DiGiCo Beats a Spectacular Retreat
The annual British Army Household Division's Beating Retreat ceremony is a spectacular pageant of music, military precision, horses, cannon and fireworks. Dating back to the 1690s, nowadays the most modern production technology is used on the event including, this year, a DiGiCo SD8.
This year’s ceremony took place in London’s Horse Guards Parade on the evenings of the 11th and 12th June, featuring music from the Massed Bands and Corps of Drums of Her Majesty The Queen’s Household Division, combining 250 foot guards and mounted cavalry musicians with the gun carriages of The King’s Troop Royal Horse Artillery. Choral accompaniment was supplied by the Royal Choral Society, with guest appearances from The Troupe de Marine Band and Band of the Legion d’Etrangere (Foreign Legion) from France and Canada’s Vancouver Police Pipe Band.
The event’s guest of honour and salute taker was Colonel of the Irish Guards HRH Prince William, Duke of Cambridge.
Sound designer Tom Shipman has been involved with British Army events and concerts for several years. He has designed and operated this show for the last three years, working closely with Coldstream Band Sergeant Major Adrian Beckett and assisted on site by Harry Spillett and Matt Bridgwater.
“I’ve known Adrian for almost 10 years, and have worked with him on all the events I have been involved with for the Army,” says Tom. “Essentially, he is the Production Manager and likes to use a team that he knows, that can be trusted to help each other out and get the job done to a high standard with very little rehearsal time.”
Tom chose a DiGiCo SD8 to mix the show, supplied by Dimension Audio, complementing a d&b Q10 PA supplied by Event Concept.
“The complexity of this year’s show compared with previous years screamed for it to be a DiGiCo mixing console,” he says. “In addition, I needed a console that would provide me with the flexibility and, most of all, reliability for the challenging conditions of an outdoor event in a dusty environment during a British summer. DiGiCo was the obvious choice because, should the worst have happened, I knew that between DiGiCo and Dimension a speedy solution could be found.”
Tom configured the SD8 with 30 inputs, routed into a number of groups, then into a 12 output matrix, with a total of 20 outputs feeding the different elements of the system. He also used all 12 control groups to give him quick access to everything he needed during the production.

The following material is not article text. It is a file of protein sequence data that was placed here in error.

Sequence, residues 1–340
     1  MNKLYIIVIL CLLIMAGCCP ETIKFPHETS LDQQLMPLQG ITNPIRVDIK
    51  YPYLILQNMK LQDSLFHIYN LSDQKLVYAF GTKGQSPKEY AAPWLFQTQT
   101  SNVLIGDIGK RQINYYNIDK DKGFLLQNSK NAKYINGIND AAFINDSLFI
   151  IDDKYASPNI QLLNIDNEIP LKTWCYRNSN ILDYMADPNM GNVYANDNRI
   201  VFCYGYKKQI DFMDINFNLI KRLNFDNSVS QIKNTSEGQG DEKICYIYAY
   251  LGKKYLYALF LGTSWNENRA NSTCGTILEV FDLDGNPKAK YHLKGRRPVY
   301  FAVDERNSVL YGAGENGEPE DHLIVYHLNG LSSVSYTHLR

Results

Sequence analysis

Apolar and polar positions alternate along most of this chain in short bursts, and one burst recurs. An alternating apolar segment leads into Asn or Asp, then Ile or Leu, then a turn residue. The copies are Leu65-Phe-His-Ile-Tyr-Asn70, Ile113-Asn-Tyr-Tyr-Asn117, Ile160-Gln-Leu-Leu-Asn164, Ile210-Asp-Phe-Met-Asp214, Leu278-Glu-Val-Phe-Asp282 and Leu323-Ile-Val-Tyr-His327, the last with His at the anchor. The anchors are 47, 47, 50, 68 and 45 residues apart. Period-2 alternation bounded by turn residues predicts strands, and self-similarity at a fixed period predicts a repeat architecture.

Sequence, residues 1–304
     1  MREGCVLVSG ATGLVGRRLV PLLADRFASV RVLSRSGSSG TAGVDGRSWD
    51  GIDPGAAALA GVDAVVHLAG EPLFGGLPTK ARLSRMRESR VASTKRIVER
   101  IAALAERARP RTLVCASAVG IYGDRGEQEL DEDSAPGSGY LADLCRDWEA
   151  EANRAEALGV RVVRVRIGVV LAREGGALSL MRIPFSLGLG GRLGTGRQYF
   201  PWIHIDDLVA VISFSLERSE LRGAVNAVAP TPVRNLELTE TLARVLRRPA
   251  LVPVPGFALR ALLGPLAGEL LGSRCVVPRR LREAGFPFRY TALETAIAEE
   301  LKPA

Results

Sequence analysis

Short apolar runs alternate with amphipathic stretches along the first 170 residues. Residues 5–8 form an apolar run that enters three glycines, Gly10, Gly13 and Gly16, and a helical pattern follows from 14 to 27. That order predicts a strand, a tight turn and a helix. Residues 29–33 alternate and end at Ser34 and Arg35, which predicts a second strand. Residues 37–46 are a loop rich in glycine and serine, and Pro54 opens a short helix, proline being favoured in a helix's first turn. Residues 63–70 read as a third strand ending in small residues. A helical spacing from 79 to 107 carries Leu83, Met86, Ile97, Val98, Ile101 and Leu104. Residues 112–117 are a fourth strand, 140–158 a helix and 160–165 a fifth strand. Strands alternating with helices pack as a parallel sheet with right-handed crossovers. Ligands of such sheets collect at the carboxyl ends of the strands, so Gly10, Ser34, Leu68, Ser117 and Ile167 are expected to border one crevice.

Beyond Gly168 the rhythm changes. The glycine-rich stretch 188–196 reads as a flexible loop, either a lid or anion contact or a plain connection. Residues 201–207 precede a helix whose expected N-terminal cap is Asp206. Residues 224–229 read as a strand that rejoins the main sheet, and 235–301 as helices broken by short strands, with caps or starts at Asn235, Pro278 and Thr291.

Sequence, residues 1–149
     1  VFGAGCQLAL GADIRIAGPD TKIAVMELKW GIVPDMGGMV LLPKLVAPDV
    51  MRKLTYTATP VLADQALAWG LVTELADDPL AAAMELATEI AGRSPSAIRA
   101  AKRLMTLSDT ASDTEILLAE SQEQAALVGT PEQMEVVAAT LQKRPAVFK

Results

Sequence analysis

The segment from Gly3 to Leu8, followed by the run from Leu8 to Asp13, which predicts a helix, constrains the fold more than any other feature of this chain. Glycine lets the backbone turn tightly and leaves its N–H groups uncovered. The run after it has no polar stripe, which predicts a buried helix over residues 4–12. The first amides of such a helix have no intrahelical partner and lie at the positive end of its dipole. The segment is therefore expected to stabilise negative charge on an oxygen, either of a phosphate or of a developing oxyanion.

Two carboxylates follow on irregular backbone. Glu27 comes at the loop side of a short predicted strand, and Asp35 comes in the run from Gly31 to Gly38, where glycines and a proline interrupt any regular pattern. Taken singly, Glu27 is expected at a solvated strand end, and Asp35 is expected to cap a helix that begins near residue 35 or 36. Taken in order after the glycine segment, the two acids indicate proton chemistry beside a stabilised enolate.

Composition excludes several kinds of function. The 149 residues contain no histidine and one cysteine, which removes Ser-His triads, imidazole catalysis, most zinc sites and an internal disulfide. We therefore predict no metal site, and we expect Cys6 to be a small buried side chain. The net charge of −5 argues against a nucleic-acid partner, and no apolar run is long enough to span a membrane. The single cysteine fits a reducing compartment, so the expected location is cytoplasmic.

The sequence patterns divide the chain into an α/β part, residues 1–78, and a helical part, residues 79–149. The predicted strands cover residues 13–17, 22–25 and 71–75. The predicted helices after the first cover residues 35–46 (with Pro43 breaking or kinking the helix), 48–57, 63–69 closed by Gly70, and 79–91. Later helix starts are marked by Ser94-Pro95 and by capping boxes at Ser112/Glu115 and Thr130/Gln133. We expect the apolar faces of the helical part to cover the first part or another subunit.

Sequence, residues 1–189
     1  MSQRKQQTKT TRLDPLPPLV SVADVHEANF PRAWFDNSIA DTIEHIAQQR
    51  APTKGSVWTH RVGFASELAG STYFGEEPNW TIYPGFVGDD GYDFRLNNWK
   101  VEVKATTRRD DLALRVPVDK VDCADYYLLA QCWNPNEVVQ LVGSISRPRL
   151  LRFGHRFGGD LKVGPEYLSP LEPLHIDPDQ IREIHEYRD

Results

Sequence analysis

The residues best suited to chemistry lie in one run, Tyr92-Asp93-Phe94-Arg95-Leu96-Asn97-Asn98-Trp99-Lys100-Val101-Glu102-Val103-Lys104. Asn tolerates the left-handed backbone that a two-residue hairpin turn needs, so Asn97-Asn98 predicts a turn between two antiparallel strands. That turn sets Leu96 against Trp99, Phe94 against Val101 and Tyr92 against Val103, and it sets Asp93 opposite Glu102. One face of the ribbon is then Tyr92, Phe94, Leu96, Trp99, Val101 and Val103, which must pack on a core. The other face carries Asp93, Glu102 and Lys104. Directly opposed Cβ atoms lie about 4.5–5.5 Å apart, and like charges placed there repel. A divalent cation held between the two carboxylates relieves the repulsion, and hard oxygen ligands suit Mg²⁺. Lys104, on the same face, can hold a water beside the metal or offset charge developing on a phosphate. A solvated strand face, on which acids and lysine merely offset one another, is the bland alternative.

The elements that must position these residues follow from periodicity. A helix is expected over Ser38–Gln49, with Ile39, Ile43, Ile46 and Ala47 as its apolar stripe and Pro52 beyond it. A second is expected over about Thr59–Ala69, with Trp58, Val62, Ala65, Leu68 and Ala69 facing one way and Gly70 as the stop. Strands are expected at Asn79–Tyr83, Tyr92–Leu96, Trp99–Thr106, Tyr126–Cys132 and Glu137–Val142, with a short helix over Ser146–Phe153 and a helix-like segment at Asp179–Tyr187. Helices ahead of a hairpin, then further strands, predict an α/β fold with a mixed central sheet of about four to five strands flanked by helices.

“With three sides of perimeter bleachers seating 6,500 people around a 14,500m2 performance area, reflections from the Admiralty, Army and Downing Street buildings surrounding Horse Guards Parade presented huge challenges in terms of providing an intelligible, even coverage for the audience,” he says.
“The trickiest element of the show itself was a section celebrating the music of the Second World War,” he continues. “A fully miked-up drum kit was hidden within the massed bands of the Household Division, playing along, and then revealed to the audience for a performance of Sing Sing Sing. There were Shure UR3 transmitters on each mic and timing the amplified drums and the clarinet solo back to the band was critical.”
A similar issue occurred for the opening and closing segments of the show which both used the choir, again miked up and using AKG414s with Shure UR3 transmitters.
“The SD8 was perfect for ensuring that timing all of the amplified elements was spot on. I made a lot of use of the recallable input channel, group and matrix delays in a number of snapshots to ensure that the sound could be changed instantly as the performers moved,” says Tom.
Lt Col Hopla, Senior Director of Music for the Household Division, was very happy with the result, describing the show as "a huge success."
Lt Col Hopla adds, "When involved in any show, I am always awestruck by witnessing so many moving parts coming together in such a limited time and the overriding professionalism of the people 'on the ground' making it work. My sincere gratitude goes to Tom and his team, it was a privilege working with them."
Tom concludes, “The way that the design of this event has developed over time means that I definitely plan to use DiGiCo on it in the years to come.”